One night in early June, my Border Collie, Sage, alerted me to something in the drainpipe that runs under my driveway. We have a lot of feral cats in the area, so I figured the noise was from some felines. Sure enough, when I got a flashlight and reached into the pipe as far as I could, I was greeted by two sets of kitten eyes.
I’ve always found it impossible to ignore that vulnerable look I recognized in those kitten eyes staring back at me. Like many of my colleagues at the Hartville Group, I’ve made it my personal and professional mission to help animals as much as I can. That’s been my goal in the eight years I’ve worked at Hartville, and when I moved to Florida, I got involved with a local rescue group that spays and neuters feral cats. So I assembled one of the group’s humane traps that I have on hand to try to help those little kittens.
A few hours later, I caught one of them and arranged for the kitty to spend the night in our garage. I set a second trap but, unfortunately, it was still empty in the morning.
Meanwhile, my husband and I brought the first kitten into the house for a bath and check-over. He was just a little guy, about 8 weeks old. Despite how scared he was, he was still very sweet, and he purred while I picked fleas out of his fur, cleaned his ears and trimmed his nails.
It was only a few days before we named him Oliver and made him a permanent place in our home. Oliver quickly adjusted to his life on the inside, and his new feline siblings, Ranger and Jetta, readily accepted him.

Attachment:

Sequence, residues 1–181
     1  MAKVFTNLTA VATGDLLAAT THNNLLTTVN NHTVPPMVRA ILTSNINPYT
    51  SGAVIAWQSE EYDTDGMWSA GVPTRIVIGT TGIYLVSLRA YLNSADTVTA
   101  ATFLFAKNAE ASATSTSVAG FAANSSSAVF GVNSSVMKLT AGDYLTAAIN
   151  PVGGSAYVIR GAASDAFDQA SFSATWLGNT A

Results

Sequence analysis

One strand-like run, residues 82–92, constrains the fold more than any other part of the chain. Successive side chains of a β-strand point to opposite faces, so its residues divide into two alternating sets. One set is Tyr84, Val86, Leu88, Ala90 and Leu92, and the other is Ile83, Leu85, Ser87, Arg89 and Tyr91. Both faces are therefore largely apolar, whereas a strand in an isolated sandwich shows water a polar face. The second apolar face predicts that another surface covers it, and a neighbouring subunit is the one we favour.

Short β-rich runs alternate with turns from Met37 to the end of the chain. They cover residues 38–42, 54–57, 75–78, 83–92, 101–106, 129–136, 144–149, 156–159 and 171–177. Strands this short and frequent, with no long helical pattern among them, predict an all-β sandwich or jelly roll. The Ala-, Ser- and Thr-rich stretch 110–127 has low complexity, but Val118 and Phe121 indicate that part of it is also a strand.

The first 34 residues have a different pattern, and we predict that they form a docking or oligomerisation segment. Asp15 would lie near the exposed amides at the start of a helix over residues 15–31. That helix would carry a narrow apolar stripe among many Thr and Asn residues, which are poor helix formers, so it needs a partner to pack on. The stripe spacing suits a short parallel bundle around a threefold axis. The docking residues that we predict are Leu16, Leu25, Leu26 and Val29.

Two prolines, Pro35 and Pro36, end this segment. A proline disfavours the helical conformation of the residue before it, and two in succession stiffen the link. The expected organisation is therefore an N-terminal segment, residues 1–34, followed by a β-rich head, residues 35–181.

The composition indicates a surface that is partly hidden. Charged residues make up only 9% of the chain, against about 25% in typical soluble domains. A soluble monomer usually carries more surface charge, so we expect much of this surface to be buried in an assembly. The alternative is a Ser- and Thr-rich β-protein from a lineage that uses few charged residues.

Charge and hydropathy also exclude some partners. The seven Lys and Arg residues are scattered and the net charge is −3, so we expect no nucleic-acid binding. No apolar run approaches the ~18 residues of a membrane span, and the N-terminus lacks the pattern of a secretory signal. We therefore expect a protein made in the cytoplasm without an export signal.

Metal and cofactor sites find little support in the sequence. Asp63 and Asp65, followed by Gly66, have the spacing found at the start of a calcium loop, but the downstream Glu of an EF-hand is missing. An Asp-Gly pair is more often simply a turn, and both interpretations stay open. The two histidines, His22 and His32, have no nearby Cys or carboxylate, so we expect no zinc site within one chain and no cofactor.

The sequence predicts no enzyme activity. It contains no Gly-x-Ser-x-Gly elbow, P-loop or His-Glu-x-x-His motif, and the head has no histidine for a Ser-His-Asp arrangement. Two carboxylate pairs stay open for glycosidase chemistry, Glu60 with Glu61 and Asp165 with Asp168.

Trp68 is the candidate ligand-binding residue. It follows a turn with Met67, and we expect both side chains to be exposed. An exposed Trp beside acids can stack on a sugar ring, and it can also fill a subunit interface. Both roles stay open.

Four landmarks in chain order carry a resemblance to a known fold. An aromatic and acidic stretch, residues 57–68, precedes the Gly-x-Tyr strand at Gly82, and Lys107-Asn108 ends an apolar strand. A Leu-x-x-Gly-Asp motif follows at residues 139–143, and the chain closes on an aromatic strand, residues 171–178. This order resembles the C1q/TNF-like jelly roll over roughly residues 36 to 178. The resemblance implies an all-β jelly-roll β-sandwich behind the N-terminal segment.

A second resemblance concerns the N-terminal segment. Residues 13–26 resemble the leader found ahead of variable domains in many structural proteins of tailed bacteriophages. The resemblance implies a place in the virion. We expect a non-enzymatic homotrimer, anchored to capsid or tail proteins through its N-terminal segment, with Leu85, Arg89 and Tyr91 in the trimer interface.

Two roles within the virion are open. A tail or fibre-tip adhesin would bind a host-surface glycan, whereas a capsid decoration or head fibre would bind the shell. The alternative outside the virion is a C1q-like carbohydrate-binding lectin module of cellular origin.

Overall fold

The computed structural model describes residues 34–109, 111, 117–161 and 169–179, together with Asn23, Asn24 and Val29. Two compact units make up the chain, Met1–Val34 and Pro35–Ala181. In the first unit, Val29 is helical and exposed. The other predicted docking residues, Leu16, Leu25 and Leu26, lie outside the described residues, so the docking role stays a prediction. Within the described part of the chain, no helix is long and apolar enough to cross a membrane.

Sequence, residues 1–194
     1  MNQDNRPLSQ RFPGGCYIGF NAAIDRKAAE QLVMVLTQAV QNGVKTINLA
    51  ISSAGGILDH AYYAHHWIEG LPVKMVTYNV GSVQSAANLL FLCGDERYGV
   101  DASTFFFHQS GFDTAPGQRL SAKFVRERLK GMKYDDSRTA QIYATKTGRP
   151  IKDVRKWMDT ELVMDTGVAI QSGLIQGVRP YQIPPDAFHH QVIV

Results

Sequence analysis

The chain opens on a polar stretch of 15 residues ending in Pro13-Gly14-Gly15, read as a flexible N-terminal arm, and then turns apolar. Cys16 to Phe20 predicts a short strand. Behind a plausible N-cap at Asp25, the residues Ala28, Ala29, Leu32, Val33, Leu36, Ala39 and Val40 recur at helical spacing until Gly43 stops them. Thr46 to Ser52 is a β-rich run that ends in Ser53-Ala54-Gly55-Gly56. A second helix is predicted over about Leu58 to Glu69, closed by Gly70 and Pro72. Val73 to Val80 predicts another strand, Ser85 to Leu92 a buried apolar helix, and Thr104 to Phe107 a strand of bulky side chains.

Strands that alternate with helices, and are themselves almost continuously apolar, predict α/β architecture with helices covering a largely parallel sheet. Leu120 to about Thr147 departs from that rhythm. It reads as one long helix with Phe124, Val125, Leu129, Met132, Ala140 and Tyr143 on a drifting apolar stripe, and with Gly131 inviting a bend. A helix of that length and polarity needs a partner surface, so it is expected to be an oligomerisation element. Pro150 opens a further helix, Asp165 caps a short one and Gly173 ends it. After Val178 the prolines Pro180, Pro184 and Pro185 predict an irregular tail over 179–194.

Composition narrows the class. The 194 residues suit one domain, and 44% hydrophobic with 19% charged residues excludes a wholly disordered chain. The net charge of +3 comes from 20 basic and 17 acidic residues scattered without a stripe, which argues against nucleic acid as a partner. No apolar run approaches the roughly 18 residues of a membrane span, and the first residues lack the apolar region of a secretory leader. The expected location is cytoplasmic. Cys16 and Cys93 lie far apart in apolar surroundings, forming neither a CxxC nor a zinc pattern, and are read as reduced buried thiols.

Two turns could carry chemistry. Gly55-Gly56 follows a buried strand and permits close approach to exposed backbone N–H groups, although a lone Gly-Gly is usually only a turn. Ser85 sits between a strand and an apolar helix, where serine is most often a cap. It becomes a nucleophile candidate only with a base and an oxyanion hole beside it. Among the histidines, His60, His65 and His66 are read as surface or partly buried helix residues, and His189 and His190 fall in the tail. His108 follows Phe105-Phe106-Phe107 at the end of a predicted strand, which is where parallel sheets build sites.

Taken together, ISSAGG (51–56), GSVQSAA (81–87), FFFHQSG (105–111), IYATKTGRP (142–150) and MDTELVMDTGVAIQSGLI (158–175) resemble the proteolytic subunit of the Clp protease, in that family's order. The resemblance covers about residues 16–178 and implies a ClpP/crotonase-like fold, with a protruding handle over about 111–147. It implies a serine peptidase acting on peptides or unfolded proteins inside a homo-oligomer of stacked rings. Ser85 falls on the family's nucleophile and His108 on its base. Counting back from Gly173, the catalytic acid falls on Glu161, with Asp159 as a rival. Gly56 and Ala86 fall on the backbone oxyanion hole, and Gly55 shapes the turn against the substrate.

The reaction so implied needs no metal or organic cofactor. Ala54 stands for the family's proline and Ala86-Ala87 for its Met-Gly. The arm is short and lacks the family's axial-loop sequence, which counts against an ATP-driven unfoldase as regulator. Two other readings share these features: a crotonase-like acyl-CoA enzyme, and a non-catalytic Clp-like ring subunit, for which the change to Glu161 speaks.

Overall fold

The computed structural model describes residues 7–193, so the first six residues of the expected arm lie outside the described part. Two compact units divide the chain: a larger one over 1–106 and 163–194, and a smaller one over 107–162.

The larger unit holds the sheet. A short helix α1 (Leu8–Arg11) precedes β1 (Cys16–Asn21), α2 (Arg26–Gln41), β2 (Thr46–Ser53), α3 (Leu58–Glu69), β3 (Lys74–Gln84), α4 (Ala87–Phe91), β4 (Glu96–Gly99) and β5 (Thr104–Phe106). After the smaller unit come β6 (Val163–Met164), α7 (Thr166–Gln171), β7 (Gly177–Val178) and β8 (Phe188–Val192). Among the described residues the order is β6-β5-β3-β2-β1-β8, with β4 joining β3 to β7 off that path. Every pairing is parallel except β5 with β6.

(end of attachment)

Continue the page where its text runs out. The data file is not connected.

Over the next few months, I often saw a gray kitten sitting on our back porch, and I knew it was the second kitty from the drainpipe. I fed him and tried to catch him several times, but with no success.
Sadly, one Sunday morning in October, Oliver died suddenly. We learned he had a rare congenital heart defect. We were absolutely heartbroken. In his honor, we created a “cat café” outside so the feral cats can have a constant supply of fresh water and food.
Two weeks after Oliver passed away, I finally caught the other gray kitten I’d been feeding. At this point, he was 6 months old and almost completely wild. After we neutered and vaccinated him, we moved him into our spare bedroom. We borrowed another Charles Dickens name and called him Fagin, which also means “joyful.”
Poor Fagin was lucky to have even survived six months outside as his belly is a roadmap of scars where another critter attacked him. He’s also had a few medical complications from a chronic infection that resulted from the attack. But, as I slowly work to heal his infection, I’m also trying to socialize him.
It’s possible that Fagin may have the same heart defect as Oliver, but I’m not going to worry about it. Instead, I’m focusing on giving Fagin the best life I can for however long he is with us!
Jaclyn Carrington, Hartville Group’s Veterinary Services Manager, volunteers with a rescue group that spays and neuters feral cats in Florida.